Anterior scleral thickness is negatively correlated with axial length and positively correlated with age. Photo: Jie Zhou/BMC Ophthalmology. Click image to enlarge.
Many studies have confirmed changes in scleral composition, structure, biomechanics and remodeling during myopia progression, but few have been conducted on the connection between myopia and the anterior sclera. To help clarify this correlation, researchers aimed to compare anterior scleral thickness (AST) in people with emmetropia and myopia to explore its relationship with myopia. The team found that AST is negatively correlated with axial length (AL) and positively correlated with age.
A total of 93 participants (56 females, 37 males) aged 20 through 50 with emmetropia and myopia underwent ocular imaging through anterior segment OCT. Raw B-scan OCT images were acquired along each of the four meridians (superior, inferior, nasal and temporal). AST was estimated from the limbus to a distance of 6mm.
Study results revealed that scleral thickness varied significantly with AL and measurement location and found AST to be negatively correlated with AL and positively correlated with age. Compared with emmetropic eyes, the anterior sclera in highly myopic eyes was thinner.
Age turned out to be a significant influencing factor on AST. Previous studies have shown that the structure and composition of the sclera change with age and that the cross-sectional area of scleral collagen fibrils increases with age. “Moreover, the mean collagen fibril radius and intermolecular lateral spacing in the sclera also increase with age,” the authors wrote in their paper.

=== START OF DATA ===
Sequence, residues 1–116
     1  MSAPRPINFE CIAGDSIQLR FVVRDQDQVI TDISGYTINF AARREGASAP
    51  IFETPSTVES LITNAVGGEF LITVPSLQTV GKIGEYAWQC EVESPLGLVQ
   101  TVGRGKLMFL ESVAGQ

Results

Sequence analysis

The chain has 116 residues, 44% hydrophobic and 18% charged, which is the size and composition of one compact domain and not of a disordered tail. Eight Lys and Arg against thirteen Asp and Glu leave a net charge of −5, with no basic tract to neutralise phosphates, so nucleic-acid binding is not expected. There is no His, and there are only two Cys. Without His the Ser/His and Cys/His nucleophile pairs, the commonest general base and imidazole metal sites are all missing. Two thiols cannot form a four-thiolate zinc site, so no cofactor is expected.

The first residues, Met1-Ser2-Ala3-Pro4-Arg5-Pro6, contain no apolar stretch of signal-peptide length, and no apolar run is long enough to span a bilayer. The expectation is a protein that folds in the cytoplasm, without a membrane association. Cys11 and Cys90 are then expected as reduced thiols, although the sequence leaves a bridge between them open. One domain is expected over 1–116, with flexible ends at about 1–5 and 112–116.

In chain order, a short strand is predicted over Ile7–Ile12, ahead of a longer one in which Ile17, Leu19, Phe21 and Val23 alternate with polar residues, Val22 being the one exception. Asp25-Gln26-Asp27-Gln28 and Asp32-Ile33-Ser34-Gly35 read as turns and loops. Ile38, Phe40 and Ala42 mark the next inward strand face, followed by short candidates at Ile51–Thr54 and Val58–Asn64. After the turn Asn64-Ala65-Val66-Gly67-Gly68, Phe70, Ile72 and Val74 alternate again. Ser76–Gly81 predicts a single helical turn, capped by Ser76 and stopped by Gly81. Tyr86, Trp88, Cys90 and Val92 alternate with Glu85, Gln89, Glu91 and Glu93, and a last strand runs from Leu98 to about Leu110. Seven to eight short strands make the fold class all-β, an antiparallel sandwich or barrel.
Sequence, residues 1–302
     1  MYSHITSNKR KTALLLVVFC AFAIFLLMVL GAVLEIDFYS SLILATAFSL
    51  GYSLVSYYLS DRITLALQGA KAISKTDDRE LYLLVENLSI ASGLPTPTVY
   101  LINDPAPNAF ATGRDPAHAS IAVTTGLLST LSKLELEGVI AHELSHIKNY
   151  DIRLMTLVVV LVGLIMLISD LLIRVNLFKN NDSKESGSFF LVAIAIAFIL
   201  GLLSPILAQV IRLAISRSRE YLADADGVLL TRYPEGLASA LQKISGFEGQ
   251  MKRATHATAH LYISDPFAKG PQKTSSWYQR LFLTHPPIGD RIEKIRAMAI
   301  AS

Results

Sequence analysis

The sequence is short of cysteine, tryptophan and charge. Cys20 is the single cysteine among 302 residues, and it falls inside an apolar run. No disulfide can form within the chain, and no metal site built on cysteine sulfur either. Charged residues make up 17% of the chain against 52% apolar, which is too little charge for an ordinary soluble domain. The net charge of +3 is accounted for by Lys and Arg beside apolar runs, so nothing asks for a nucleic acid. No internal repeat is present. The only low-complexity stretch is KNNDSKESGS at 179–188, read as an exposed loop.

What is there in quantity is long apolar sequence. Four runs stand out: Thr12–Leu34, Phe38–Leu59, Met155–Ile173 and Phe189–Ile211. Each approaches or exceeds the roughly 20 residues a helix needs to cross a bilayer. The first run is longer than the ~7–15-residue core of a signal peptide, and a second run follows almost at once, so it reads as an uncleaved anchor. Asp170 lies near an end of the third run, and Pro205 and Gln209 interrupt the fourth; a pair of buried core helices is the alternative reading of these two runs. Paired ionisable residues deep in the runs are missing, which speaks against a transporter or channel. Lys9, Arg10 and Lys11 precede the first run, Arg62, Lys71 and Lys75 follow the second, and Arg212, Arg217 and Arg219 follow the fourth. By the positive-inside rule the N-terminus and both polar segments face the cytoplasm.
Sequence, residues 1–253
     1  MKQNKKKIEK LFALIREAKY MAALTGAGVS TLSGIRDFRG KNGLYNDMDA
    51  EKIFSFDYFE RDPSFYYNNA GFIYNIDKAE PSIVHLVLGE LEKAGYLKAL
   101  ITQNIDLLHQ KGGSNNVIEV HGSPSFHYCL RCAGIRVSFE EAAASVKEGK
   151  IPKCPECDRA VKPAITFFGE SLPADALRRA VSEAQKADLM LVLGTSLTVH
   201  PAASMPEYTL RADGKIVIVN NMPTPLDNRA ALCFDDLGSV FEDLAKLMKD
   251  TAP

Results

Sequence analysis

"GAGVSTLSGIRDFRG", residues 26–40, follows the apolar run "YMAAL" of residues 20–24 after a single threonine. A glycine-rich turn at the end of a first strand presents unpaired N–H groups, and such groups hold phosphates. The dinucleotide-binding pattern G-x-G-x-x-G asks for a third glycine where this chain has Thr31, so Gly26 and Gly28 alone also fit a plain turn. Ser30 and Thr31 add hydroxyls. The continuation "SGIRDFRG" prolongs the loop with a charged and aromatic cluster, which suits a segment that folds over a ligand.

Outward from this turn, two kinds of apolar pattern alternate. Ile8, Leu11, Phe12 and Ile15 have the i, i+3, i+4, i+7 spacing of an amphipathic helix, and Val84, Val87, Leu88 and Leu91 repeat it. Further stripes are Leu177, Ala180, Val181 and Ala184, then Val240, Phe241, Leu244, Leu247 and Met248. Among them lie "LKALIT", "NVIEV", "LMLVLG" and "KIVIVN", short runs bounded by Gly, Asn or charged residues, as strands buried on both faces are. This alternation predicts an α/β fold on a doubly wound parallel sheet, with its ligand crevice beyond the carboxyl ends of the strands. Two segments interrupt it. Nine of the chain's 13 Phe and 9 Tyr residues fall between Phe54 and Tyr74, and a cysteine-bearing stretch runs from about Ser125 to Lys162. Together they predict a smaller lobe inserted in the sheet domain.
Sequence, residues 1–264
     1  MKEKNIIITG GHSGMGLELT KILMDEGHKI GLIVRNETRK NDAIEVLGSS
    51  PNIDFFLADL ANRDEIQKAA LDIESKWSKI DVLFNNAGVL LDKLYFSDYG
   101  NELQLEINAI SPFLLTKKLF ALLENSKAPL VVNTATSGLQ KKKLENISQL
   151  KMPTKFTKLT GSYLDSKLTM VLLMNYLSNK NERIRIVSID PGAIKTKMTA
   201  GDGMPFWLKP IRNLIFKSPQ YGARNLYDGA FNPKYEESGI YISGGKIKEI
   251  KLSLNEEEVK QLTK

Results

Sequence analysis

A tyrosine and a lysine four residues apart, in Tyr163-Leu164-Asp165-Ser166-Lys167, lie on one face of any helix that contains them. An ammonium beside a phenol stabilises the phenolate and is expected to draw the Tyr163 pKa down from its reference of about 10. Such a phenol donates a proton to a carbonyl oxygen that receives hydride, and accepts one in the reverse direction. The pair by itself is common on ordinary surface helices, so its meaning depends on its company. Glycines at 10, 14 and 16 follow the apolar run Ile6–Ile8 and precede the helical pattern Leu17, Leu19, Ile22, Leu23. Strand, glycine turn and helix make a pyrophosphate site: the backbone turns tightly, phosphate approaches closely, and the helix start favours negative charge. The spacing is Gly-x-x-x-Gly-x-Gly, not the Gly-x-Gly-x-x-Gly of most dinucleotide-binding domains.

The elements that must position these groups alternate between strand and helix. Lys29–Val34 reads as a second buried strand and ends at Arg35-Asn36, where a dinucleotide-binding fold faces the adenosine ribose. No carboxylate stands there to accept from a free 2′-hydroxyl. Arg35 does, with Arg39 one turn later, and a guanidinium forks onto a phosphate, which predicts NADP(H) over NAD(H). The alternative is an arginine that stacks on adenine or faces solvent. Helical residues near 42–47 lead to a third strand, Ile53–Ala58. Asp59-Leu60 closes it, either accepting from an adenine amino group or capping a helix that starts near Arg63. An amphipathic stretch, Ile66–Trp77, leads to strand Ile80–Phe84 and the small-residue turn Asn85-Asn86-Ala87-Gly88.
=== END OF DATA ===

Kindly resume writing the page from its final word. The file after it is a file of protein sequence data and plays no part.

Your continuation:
The results of this study match previous ones that found older age is associated with a thicker sclera. “However, an examination of Chinese cadaveric eyes showed no correlation between scleral thickness and age/sex,” the authors noted. “The different distances from the limbus at which the measurements were obtained and the different technology and devices used for the AST measurements may partly explain the different results.”
The superior meridians were the thinnest, which was consistent with previous studies as well. “The difference was that our study did not find the inferior meridians to be the thickest,” the authors explained. “One possible reason for this is when looking upward to the fully exposed inferior sclera, the inferior scleral thickness of the distal AST is easily affected by the ciliary body and the choroid.”
“Myopia affects not only posterior scleral thickness but also AST,” the authors concluded. “Accordingly, AST may be useful for monitoring the progression of myopia.”
Zhou J, He H, Yang Q, et al. Comparison of anterior sclera thickness in emmetropes and myopes. BMC Ophthalmol. February 14, 2023. [Epub ahead of print].